18.280 loss and preservation

From: Humanist Discussion Group (by way of Willard McCarty willard.mccarty_at_kcl.ac.uk>
Date: Tue, 12 Oct 2004 08:01:32 +0100

               Humanist Discussion Group, Vol. 18, No. 280.
       Centre for Computing in the Humanities, King's College London
                   www.kcl.ac.uk/humanities/cch/humanist/
                        www.princeton.edu/humanist/
                     Submit to: humanist_at_princeton.edu

   [1] From: Maurizio Lana <m.lana_at_lett.unipmn.it> (39)
         Subject: Re: 18.276 loss of information

   [2] From: Patrick Durusau <Patrick.Durusau_at_sbl-site.org> (29)
         Subject: Preservation Reflex was Re: 18.274 losing it

--[1]------------------------------------------------------------------
         Date: Tue, 12 Oct 2004 07:55:06 +0100
         From: Maurizio Lana <m.lana_at_lett.unipmn.it>
         Subject: Re: 18.276 loss of information

At 11.08 10/10/2004 +0100, you wrote:
>I'm interested in this last set of claims, particularly about the CDs. It
>seems to me this is open to the same challenge Nicolson Baker made against
>claims that "our newspaper heritage" was crumbling away and needed to be
>microfilmed (and later, digitised). The average age of a CD is supposed to
>be twenty-years? Aren't CD's about 20 years on the market now? I'm not
>aware of any massive failures, so I wonder how the average lifetime was
>determined.
i think there's more than the 20 years issue: even before 20 years from
publication, your cd remains physically damaged (very serious scratch;
crack; perforation; separation of the plastic layers, ... ). any of these
means that the data on your cd are lost. now take a book: any physical
damage doesn't damage irreparably the entire book.

>[...] The BBC project was a custom-made machine: data, presentation, and
>hardware we
>(almost) inextricably linked. It was made just as the international
>standards we now use were begining to appear, and hence to early to take
>advantage of their robustness. I think it would be hard to create such
>obsolescence in a modern standards-based project.
[...]
> Early webpages--even
>non-standard ones using, for example, the Netscape blink tag, are likely to
>last much longer (although, interestingly, I think ones using <layer>s are
>now in trouble)

the standards can take into account the soft layer of the problem: data
format and software able to read that format. bur even the easier format,
text (html, and others, are variations about the text format) if put onto a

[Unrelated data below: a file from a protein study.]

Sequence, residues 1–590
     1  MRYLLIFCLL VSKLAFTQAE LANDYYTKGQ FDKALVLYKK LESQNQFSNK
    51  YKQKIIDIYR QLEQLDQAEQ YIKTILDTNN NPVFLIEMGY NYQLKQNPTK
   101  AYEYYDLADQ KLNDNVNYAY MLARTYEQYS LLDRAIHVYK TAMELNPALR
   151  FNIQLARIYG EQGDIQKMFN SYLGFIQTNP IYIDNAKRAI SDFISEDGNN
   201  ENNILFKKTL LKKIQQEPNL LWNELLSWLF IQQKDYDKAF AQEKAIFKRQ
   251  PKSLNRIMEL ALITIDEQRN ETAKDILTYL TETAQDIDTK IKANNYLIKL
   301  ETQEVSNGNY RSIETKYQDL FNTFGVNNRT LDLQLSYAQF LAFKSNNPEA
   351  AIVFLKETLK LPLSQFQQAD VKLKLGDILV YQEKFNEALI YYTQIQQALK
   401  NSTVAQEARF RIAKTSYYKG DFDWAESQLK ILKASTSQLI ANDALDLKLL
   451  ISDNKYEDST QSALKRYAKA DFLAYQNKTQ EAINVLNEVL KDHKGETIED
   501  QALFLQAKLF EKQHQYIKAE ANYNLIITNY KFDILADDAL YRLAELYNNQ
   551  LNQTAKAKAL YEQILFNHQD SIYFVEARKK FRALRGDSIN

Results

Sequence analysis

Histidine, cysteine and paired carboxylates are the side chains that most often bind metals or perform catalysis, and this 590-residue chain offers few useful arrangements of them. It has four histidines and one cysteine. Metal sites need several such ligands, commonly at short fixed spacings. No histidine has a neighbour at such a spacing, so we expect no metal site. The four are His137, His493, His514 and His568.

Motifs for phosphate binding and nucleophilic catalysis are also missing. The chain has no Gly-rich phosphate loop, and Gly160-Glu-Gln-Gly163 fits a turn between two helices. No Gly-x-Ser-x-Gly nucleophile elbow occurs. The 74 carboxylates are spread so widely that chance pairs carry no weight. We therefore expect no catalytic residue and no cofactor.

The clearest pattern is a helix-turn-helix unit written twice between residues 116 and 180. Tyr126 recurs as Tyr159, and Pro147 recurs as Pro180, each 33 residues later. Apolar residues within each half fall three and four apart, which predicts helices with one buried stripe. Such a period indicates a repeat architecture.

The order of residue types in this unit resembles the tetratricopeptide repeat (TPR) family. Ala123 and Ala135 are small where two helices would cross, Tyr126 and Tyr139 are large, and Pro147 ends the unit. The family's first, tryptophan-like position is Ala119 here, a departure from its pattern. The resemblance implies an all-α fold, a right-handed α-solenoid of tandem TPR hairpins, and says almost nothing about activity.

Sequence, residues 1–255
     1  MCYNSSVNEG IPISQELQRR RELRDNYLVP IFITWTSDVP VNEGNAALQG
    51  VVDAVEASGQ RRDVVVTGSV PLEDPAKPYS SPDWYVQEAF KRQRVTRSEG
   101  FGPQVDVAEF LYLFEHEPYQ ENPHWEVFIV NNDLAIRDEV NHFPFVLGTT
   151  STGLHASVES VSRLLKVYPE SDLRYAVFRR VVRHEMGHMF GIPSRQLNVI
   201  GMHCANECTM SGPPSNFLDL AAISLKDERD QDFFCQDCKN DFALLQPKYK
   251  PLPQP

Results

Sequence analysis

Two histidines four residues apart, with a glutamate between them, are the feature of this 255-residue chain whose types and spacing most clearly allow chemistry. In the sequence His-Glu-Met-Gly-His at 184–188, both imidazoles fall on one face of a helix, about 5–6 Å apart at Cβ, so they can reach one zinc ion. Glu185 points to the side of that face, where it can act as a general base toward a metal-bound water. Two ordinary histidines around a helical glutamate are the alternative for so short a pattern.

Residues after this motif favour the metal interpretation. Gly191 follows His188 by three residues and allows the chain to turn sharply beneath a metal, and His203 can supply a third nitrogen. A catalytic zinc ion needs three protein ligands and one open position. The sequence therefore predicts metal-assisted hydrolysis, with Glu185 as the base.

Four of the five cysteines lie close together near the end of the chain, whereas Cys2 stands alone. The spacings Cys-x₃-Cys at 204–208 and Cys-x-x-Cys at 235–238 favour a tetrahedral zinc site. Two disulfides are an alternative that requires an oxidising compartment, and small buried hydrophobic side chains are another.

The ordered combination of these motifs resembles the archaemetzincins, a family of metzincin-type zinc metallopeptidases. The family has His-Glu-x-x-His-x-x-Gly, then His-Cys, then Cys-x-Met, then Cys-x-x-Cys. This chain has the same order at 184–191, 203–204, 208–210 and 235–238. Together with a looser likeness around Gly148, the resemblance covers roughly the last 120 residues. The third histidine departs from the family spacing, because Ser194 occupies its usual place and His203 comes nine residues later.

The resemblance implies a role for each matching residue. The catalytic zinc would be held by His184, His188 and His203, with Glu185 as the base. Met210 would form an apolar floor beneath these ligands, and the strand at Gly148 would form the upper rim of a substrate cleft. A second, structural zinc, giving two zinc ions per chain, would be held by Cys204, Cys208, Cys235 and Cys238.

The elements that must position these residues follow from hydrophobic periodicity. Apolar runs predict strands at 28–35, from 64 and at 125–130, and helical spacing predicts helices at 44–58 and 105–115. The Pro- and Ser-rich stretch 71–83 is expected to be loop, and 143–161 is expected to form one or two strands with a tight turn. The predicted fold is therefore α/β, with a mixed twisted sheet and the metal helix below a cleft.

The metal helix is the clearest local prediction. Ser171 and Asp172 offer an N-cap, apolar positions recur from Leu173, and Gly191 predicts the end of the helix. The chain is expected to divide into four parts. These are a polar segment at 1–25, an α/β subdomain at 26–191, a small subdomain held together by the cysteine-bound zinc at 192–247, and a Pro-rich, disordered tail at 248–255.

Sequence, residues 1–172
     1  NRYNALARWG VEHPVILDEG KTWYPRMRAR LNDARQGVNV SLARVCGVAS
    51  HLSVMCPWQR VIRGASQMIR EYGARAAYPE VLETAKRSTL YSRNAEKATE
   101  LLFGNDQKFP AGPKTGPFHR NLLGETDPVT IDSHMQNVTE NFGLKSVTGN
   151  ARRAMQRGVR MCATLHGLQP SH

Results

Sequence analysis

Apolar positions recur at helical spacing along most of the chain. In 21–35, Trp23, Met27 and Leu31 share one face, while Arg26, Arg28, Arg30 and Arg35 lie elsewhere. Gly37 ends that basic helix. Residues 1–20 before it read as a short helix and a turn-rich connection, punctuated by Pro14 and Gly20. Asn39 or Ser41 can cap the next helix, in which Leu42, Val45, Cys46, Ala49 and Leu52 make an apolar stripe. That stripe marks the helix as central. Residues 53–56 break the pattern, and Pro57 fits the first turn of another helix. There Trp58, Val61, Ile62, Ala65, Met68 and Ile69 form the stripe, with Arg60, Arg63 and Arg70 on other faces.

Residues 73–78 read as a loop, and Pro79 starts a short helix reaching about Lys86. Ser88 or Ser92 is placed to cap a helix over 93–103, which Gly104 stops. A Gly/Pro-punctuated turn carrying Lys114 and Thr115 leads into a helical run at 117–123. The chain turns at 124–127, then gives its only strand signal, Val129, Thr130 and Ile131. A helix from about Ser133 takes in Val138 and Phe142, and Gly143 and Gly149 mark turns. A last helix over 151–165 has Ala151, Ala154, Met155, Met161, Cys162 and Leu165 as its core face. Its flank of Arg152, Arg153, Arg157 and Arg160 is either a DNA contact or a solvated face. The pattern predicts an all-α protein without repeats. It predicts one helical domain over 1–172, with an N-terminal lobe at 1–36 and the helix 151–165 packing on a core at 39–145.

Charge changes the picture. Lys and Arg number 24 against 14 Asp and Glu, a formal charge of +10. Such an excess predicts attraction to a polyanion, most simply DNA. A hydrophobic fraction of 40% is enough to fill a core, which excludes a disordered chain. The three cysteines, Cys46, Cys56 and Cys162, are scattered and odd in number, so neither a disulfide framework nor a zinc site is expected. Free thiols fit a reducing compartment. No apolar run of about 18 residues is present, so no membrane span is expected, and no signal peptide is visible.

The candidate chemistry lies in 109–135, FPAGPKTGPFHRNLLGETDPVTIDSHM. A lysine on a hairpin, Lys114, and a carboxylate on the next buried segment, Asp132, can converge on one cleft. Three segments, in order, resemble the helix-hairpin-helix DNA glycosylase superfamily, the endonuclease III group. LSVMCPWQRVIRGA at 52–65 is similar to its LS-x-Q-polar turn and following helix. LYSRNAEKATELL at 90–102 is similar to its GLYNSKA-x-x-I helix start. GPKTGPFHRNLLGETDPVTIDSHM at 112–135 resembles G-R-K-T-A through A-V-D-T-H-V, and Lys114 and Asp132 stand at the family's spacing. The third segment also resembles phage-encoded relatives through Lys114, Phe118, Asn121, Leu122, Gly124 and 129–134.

cd can be lost if the support is physically damaged.
than there's the hard layer of the problem: the support itself. take a
Babylonian tablet: after so much thousand years, you need only your eyes to
read it. now what if we were in the year 10472 and need to read a cd of
year 2004? who knows the format physical /logical of the disc? and the
format of the data? and the program able to read that data format? and the
hardware able to accomplish all these tasks?

maurizio

Maurizio Lana - ricercatore
Dipartimento di Studi Umanistici - UniversitÓ del Piemonte Orientale a Vercelli
via Manzoni 8, I-13100 Vercelli
+39 347 7370925 / +39 011 8609843

--[2]------------------------------------------------------------------
         Date: Tue, 12 Oct 2004 07:55:28 +0100
         From: Patrick Durusau <Patrick.Durusau_at_sbl-site.org>
         Subject: Preservation Reflex was Re: 18.274 losing it

Willard,

Although an advocate for electronic access to everything and consequently
good archiving/migration policies and practices, I am curious if our
preservation 'reflex' is really all that appropriate?

Simply because, with good archiving and migration policies, we can preserve
everything that exists in electronic form, does that mean that we should
undertake that as a goal?

I am mindful that such classical literature as survives did so only because
of chance and someone deciding it was worth the effort to preserve it.

While probably not thought of at the time as such, isn't such preservation
or lack thereof, a filter that has separated out the 'noise' in Greek
literature for example?

What will it mean as increasing numbers of resources are available
electronically and we never lose any of them?

I must confess to favoring the preserve everything position but suspect
that is more of an emotional response than a rational one. We imagine that
if more Greek drama had been preserved it would be as edifying as what was
preserved. Perhaps, perhaps not. Perhaps we would be disappointed in a much
larger corpus and less able to separate the gold from the dross.

Hope you are having a great day!

Patrick

--
Patrick Durusau
Director of Research and Development
Society of Biblical Literature
Patrick.Durusau_at_sbl-site.org
Chair, V1 - Text Processing: Office and Publishing Systems Interface
Co-Editor, ISO 13250, Topic Maps -- Reference Model
Topic Maps: Human, not artificial, intelligence at work!
Received on Tue Oct 12 2004 - 03:13:40 EDT

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